Germany: The German Aerospace Center (DLR) reported that a Franco-German climate satellite is scheduled for launch in 2014. The climate mission Merlin (Methane Remote Sensing LiDAR Mission) will track down the greenhouse gas methane around the globe.
Merlin is a joint mission by DLR and the French space agency CNES. DLR is developing and building the methane LiDAR instrument. France is providing the satellite platform and mission control.
This Franco-German collaborative venture has one principal objective – to obtain more and higher-precision data on methane emissions. Methane and carbon dioxide both cause global warming, although the impact of methane is 25 times more powerful than of carbon dioxide. Now, at a time when there is much discussion about mankind being directly responsible for the rise in the emission of greenhouse gases, methane emission levels already far outstrip carbon dioxide. Since pre-industrial times, the amount of methane in the atmosphere has more than doubled, whereas the growth in carbon dioxide levels during the same period has been ‘only’ 30 per cent. Alongside carbon dioxide, methane is one of those gases for which the Kyoto Protocol stipulates that cuts must be achieved.
Methane LiDAR will work from space in exactly the same way as its helicopter-mounted counterpart. The instrument, developed jointly by DLR, ADLARES GmbH and E.ON Ruhrgas AG, transmits pulses of light towards Earth, and then receives the radiation that is reflected back from Earth’s surface, again in pulse form. Whenever one of these pulses encounters methane, its signal strength is reduced and the instrument detects this reduction. This is how the LiDAR on a helicopter is able to detect methane leaks from natural gas pipelines. Now, instead of testing a mere eight kilometres of pipeline per day, the CHARM system (CH4 Airborne Remote Monitoring) is able to inspect 50 kilometres an hour.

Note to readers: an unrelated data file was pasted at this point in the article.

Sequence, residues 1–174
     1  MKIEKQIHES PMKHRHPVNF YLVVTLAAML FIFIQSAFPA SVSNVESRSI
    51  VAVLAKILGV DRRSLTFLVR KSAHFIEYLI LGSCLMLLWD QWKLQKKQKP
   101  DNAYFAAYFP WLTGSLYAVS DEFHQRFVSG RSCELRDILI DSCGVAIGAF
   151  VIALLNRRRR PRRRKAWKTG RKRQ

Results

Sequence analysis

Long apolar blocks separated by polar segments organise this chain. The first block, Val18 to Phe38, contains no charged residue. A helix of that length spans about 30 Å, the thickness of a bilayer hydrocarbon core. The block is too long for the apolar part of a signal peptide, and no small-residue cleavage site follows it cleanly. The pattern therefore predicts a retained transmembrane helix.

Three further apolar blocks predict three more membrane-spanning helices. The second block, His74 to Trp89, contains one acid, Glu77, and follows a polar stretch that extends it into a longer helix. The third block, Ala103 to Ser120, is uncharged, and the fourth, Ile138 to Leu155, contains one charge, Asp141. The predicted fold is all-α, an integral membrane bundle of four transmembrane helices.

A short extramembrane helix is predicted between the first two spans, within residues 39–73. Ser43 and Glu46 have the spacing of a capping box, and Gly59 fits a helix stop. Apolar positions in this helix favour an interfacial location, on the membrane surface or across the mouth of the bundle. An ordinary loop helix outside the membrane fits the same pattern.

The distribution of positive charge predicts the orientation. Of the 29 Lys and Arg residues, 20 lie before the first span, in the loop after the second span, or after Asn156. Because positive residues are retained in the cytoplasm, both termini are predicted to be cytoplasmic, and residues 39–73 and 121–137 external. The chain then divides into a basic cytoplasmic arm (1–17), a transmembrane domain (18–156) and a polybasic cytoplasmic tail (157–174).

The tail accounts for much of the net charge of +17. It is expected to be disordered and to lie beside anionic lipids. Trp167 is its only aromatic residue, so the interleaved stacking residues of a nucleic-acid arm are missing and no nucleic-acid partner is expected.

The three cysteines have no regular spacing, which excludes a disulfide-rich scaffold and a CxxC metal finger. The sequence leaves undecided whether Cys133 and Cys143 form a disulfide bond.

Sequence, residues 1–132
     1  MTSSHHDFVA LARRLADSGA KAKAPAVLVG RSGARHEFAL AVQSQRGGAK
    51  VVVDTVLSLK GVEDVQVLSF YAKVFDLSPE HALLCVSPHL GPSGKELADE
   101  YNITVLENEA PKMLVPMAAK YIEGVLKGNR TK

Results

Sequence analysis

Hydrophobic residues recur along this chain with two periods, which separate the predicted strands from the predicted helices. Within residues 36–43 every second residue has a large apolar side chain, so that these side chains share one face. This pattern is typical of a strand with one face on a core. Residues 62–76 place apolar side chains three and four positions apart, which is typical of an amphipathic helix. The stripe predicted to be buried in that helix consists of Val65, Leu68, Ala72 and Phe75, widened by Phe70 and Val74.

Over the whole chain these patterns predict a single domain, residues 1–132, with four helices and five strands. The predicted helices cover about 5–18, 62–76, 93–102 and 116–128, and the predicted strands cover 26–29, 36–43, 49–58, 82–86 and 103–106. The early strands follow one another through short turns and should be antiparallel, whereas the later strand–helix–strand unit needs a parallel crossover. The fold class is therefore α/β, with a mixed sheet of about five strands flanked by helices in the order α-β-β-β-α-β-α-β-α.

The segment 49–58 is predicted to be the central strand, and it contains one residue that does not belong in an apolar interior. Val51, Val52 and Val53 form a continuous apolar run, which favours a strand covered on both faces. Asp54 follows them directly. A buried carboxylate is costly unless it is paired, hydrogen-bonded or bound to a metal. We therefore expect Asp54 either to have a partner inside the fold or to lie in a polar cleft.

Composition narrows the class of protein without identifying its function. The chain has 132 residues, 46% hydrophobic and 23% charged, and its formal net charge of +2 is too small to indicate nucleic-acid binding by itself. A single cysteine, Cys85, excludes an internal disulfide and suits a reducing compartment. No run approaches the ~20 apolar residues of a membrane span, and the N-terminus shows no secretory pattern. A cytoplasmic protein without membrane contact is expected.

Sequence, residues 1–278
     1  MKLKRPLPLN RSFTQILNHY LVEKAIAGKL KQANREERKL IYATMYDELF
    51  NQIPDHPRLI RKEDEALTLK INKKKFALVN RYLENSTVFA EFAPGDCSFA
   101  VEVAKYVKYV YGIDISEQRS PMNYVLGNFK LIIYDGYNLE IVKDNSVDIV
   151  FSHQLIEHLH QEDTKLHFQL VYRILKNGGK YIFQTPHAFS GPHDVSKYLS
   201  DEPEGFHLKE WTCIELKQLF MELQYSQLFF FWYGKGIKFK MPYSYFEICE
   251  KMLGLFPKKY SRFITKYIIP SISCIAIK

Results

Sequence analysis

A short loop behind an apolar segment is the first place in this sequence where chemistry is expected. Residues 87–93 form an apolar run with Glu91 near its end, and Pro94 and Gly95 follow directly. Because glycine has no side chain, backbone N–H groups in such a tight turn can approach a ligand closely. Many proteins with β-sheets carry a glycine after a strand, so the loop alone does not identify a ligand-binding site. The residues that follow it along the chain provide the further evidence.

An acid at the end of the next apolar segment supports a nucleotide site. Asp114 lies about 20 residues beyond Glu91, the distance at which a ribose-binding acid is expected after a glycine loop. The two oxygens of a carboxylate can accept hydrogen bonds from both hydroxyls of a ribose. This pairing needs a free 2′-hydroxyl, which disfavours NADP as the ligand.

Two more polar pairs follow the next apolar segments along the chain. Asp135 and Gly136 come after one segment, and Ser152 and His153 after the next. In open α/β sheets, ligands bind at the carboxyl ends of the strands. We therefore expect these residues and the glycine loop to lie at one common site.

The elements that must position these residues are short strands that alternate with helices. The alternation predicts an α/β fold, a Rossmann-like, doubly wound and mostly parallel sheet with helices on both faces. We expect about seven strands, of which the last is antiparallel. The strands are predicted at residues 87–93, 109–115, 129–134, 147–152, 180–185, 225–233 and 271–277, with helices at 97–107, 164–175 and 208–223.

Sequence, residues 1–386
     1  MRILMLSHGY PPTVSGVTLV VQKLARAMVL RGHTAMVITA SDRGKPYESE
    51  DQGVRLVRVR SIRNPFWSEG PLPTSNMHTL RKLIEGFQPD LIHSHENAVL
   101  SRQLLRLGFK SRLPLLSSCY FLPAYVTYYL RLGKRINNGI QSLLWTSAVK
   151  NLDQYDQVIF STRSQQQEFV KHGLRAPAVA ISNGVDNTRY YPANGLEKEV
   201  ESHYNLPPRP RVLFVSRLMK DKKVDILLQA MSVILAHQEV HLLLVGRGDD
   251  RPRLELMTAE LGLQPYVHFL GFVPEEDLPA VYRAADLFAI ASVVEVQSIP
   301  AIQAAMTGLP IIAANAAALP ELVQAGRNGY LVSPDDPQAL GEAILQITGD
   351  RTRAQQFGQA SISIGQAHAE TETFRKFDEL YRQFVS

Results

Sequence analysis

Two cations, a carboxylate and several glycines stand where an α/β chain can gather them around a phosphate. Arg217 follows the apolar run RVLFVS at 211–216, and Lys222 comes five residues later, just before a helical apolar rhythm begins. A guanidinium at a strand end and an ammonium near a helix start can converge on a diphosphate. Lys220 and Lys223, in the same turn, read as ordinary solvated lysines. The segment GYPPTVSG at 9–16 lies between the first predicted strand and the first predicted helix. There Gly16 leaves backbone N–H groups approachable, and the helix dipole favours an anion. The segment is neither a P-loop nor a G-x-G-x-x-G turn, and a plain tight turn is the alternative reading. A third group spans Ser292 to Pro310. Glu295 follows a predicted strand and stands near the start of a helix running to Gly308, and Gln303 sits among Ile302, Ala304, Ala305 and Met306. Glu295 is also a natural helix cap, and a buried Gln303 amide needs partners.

Instead of inspecting natural gas pipelines, the space-borne instrument will seek out both natural methane sources and man-made methane sources at a speed of 25,000 kilometres an hour. It will send its laser beam to and from Earth 50 times a second. “With the measured values, we can produce a world map showing atmospheric methane concentrations and also highlighting regional differences,” said Gerhard Ehret from the DLR Institute of Atmospheric Physics.
For three years, the satellite equipped with this methane LiDAR system will scan the atmosphere for methane content, day and night and even in the presence of light cloud cover. The cost of this mission is expected to be around Euro 120 million, to be shared between the two project partners, Germany and France.